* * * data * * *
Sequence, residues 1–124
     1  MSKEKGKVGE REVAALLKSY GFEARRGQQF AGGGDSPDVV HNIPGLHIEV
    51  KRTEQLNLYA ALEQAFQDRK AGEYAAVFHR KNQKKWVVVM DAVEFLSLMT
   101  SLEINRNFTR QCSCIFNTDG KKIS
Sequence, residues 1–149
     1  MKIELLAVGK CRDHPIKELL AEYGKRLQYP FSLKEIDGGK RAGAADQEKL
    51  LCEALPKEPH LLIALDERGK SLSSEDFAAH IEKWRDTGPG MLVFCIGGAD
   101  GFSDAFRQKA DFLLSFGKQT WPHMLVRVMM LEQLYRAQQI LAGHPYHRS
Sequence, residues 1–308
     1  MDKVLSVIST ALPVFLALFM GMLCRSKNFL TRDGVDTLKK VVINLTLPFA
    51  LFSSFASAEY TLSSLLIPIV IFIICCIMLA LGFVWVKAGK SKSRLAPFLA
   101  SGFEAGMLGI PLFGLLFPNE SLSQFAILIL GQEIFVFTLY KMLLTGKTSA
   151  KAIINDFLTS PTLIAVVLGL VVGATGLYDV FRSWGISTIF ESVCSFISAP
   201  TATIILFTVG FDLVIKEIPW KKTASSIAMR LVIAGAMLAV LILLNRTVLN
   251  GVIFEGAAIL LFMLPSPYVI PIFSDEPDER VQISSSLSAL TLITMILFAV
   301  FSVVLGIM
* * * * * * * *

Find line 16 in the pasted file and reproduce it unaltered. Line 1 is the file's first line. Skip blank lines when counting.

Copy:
   301  FSVVLGIM